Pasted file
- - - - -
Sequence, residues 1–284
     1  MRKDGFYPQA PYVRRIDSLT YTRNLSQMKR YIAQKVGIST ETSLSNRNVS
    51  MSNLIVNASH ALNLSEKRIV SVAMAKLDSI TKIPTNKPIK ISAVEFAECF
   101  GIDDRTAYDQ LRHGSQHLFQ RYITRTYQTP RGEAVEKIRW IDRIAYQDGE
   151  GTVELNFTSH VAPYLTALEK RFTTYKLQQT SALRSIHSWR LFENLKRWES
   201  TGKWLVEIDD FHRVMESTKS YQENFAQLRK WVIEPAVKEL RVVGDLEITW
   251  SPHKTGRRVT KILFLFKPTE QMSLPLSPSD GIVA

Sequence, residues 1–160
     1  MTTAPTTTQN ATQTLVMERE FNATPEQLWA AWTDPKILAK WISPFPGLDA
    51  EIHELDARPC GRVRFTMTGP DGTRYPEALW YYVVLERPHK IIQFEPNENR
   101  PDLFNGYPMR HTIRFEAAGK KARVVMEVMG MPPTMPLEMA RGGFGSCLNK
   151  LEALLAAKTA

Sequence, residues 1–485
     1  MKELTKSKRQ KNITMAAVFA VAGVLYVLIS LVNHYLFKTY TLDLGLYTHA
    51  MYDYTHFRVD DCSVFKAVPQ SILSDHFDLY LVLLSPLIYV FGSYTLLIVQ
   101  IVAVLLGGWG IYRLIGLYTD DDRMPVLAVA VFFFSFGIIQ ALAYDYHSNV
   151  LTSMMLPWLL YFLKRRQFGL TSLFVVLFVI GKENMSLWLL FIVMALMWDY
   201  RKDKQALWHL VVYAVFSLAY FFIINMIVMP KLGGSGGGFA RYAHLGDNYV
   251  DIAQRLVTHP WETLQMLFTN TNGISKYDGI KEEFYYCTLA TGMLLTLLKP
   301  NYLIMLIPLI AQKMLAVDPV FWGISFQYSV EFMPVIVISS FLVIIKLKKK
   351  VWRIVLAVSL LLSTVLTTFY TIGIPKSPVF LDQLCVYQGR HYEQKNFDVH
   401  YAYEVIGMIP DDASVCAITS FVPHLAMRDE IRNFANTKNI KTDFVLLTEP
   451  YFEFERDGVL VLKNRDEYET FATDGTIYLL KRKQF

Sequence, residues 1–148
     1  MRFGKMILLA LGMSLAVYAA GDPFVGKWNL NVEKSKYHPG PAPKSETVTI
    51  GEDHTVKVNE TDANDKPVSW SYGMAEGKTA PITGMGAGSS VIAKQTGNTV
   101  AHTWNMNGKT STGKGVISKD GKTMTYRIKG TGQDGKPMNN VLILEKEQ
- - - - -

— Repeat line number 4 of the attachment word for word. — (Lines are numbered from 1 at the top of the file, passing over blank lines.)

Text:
   101  GIDDRTAYDQ LRHGSQHLFQ RYITRTYQTP RGEAVEKIRW IDRIAYQDGE